Marshall has made the coaching job at Wichita State a great one. And his bosses have wisely upped the ante to keep him. He’s rewarded in a way no Shocker coach could have ever dreamed of previously. Back-to-back seasons that produced the team’s first Final Four appearance in 48 years and the best unbeaten regular-season run in the history of college basketball have led to numerous Coach of the Year awards for Marshall.

It’s hard to imagine he could do better at more than a handful of schools in the country. And Tennessee isn’t one of them.

Marshall might have taken a look at the Vols two or three years ago. I can’t imagine he would now. He and Martin, who left Missouri State to go to Tennessee three years ago, became friends when they coached against one another in the Missouri Valley Conference. You can bet Marshall noticed how the Tennessee administration or fan base never seemed to warm to Martin.

We were talking in the office a little bit ago about just how many college basketball jobs would appeal to Marshall. It’s an interesting question and it’s a list that has diminished in the past couple of years.

If Tennessee, which has an arena that seats close to 22,000 people, doesn’t appeal to Marshall, then what school would?

Let’s take the iconic programs like Indiana, Duke, North Carolina, Kentucky, Kansas and UCLA off the table. Those jobs would appeal to almost every coach, though Marshall did fend off overtures from UCLA during the 2013 NCAA Tournament.

Are there any other jobs out there that might entice Marshall?

I think Missouri would be a possibility. That’s always been a gold mine, in my opinion. It’s a school with tremendous resources that has never produced to the level of those resources. And it’s a fan base that would embrace Marshall and vice versa.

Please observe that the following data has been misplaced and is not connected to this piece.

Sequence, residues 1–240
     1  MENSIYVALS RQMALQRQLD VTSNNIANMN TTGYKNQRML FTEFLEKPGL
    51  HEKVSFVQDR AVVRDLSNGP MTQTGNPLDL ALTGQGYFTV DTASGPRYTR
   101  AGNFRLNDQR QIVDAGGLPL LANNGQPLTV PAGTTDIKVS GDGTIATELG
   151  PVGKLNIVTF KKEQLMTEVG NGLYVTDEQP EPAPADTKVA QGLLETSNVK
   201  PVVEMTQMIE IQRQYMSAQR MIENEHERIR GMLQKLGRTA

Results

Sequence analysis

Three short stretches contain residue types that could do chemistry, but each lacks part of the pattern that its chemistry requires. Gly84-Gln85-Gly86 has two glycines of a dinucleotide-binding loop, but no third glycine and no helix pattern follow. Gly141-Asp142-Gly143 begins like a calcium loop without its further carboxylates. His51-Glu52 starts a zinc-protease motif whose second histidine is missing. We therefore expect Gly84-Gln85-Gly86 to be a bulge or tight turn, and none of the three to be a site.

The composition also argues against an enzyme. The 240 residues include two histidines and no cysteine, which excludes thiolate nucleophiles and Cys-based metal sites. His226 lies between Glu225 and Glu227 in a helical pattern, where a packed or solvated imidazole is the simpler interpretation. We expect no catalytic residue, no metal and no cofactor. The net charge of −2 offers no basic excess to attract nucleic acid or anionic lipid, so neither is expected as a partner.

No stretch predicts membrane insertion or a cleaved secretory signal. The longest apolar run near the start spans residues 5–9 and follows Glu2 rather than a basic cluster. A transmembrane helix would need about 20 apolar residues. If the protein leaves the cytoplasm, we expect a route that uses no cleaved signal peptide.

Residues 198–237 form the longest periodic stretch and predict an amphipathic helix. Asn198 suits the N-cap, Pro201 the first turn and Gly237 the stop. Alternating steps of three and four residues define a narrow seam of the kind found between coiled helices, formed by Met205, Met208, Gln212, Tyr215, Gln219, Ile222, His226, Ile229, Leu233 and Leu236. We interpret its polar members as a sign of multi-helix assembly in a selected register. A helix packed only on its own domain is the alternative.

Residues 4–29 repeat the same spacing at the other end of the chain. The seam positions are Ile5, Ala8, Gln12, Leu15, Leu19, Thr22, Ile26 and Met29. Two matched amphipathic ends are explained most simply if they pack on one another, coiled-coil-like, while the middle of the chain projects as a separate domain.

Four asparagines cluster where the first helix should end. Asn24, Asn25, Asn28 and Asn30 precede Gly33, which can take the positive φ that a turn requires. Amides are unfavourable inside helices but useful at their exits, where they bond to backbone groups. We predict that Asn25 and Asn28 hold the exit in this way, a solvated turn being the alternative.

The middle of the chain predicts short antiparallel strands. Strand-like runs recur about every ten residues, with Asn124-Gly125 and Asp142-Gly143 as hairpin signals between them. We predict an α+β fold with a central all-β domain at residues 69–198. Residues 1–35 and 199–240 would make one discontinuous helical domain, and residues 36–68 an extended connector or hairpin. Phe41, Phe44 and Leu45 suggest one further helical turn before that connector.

But Missouri has a coach – at least for now. Frank Haith, though, will be on a definite hot seat next season and if the Tigers don’t win, and win big, he could be in trouble.

That’s one of the few jobs out there I can think of that potentially could interest Marshall, who could be the second coming of Norm Stewart in Columbia. He has that kind of personalty, that kind of charisma.

For now, though, Marshall isn’t going anywhere and the Shockers are set up for another tremendous season in 2014-15.


Picking on the Royals

As you know, I like to find fault with the Kansas City Royals. It’s a hobby and because the Royals provide so much ammunition, I can’t see myself giving it up soon.

There’s just so much.

Today, I’m not going to rap on the Royals for their 4-7 start. I’m not going to mention their .239 team

Emilio Bonifacio is off to a quick start with the Chicago Cubs this season.